The True Cost of Robots

cost of a robot

More companies are springing for robots and other types of automation. Where the initial up-front cost of a robot used to cause hesitation, the combination of lower initial costs for robots, human labor shortages, and rising wages can make robots look more Econ comically feasible. A new humanoid robot going for $1600 could be the tipping point for many manufacturers. But what is the true cost of robots?

Initial price

That $1600 robot is a 4-foot pixie of a robot which will be unable to reach the workstations in most manufacturing facilities. Its video shows it displaying great dexterity, but not actually doing anything useful. Baton twirling and flipping bread in a cold pan are not skills which will easily translate into the factory.

A more robust robot will cost you more. For example, Unitree’s big brother H1, costs $90,000. Other robots, including non-humanoid options, may cost less, but you are generally looking at tens of thousands of dollars.

End-of-Arm Tooling (EOAT)

This refers to the grippers, sensors, or other attachments needed for the robot to perform specific tasks. The cost of EOAT can vary depending on the complexity of the required functionalities.

The $1600 robot has a wide variety of modules that you can (and in many cases) must attach to reach the performance level you need.

Installation and integration costs

This includes expenses for preparing the workspace for the robot, installing any necessary safety features, and integrating the robot with existing machinery or software systems.

Programming and training

The cost of programming the robot to perform its designated tasks will generally be additional to the cost of installation and integration.

You will also need to make an investment in transitioning and training your human workers to collaborate with the robot safely and effectively.

Note that the cost of people trained to program the robot and train personnel will be higher than the cost of people who can perform the repetitive tasks that the robot will be taking over.

Maintenance and repair

Regular maintenance is crucial to ensure the robot’s continued operation. Factor in the cost of routine maintenance checks, parts replacements, and potential repairs in case of breakdowns.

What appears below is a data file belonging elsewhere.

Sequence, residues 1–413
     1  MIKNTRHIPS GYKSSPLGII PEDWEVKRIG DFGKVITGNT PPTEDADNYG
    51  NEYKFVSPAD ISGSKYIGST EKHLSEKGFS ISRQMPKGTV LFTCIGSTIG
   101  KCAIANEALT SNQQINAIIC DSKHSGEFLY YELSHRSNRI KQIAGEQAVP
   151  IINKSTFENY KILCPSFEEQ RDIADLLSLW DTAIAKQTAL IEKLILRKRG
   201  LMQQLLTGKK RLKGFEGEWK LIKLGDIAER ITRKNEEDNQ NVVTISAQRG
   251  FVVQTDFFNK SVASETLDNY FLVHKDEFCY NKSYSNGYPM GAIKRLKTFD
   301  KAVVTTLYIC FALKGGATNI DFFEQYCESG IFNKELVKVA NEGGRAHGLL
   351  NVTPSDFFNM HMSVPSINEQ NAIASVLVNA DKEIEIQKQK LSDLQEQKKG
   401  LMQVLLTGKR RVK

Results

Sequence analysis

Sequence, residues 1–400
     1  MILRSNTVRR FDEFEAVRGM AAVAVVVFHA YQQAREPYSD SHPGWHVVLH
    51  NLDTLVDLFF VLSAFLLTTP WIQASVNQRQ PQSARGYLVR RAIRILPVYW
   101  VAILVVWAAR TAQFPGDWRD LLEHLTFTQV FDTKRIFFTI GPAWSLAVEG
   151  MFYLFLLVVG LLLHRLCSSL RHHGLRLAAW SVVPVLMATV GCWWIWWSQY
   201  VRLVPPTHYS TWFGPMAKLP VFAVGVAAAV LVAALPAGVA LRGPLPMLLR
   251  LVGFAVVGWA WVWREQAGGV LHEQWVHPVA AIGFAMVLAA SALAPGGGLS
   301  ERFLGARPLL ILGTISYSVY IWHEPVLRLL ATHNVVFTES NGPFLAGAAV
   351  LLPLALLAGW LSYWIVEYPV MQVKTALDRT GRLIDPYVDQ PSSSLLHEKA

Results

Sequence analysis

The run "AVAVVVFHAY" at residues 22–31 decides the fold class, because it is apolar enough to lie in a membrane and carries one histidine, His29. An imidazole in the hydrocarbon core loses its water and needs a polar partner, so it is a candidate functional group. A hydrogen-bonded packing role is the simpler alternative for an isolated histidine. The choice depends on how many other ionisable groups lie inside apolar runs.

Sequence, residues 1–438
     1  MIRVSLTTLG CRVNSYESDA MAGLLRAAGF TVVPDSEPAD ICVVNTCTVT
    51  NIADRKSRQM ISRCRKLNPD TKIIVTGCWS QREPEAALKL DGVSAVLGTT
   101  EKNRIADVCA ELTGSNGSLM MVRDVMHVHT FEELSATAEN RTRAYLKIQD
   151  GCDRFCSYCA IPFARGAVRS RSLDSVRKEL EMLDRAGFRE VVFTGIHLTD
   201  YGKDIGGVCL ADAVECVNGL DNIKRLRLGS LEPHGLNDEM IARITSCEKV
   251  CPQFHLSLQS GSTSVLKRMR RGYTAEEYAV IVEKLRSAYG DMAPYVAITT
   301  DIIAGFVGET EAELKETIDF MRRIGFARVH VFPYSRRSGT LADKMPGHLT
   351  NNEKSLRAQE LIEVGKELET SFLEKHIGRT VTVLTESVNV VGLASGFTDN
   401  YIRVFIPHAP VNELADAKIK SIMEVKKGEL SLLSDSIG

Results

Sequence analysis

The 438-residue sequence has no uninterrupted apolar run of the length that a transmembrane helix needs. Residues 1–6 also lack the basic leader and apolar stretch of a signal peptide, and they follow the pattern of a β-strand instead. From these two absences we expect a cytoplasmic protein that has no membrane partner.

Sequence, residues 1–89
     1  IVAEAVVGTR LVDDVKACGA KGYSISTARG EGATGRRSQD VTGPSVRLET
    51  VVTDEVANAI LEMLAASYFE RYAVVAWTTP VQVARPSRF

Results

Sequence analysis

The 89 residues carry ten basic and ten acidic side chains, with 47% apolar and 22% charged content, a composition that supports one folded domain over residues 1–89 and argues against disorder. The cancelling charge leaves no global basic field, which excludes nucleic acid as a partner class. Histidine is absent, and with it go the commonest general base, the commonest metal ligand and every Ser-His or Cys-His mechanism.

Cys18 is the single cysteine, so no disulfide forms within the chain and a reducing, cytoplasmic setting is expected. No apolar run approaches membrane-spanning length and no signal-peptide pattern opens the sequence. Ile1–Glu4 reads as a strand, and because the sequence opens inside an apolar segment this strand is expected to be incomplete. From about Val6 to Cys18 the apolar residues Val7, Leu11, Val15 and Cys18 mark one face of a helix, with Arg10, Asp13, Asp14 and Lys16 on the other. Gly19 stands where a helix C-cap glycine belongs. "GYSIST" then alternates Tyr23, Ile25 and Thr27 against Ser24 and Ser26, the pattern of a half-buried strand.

Again, you’ll need to consider the wages of a person who can do this work, compared with the person the robot is replacing.

Energy consumption

Robots can consume significant amounts of electricity depending on their size and operation. Consider the ongoing energy costs associated with powering the robot.

The $1600 robot has a two-hour battery life. Even with an extra battery or two, there will need to be a human being to take care of juicing it up. We like to think that robots can operate 24/7, but you have to take into account how they will be recharged.

Safety measures

Depending on the robot’s function and potential hazards, additional safety equipment or guarding might be necessary, adding to the ongoing costs.

Software licensing

Some robots require specific software licenses for programming, simulation, or maintenance purposes. Factor in any ongoing subscription fees associated with such software.

Cost of floor space

Robots require dedicated space within the facility. Consider the potential loss of production space or the need to reconfigure the layout to accommodate the robot.

Decommissioning costs

While often overlooked upfront, consider the eventual decommissioning or disposal costs of the robot at the end of its lifespan.


Automation generally leads to more productivity and lower human labor costs, but it’s not as simple as  comparing the purchase price of a robot with the salary plus benefits of a human worker. Be sure to consider all the costs of implementing automation when you calculate the ROI of a plunge into automation.

One way to save significantly on your motion control is to choose factory repair or reman instead of replacement when your Rexroth motion control systems need service and support. Contact us for immediate assistance.

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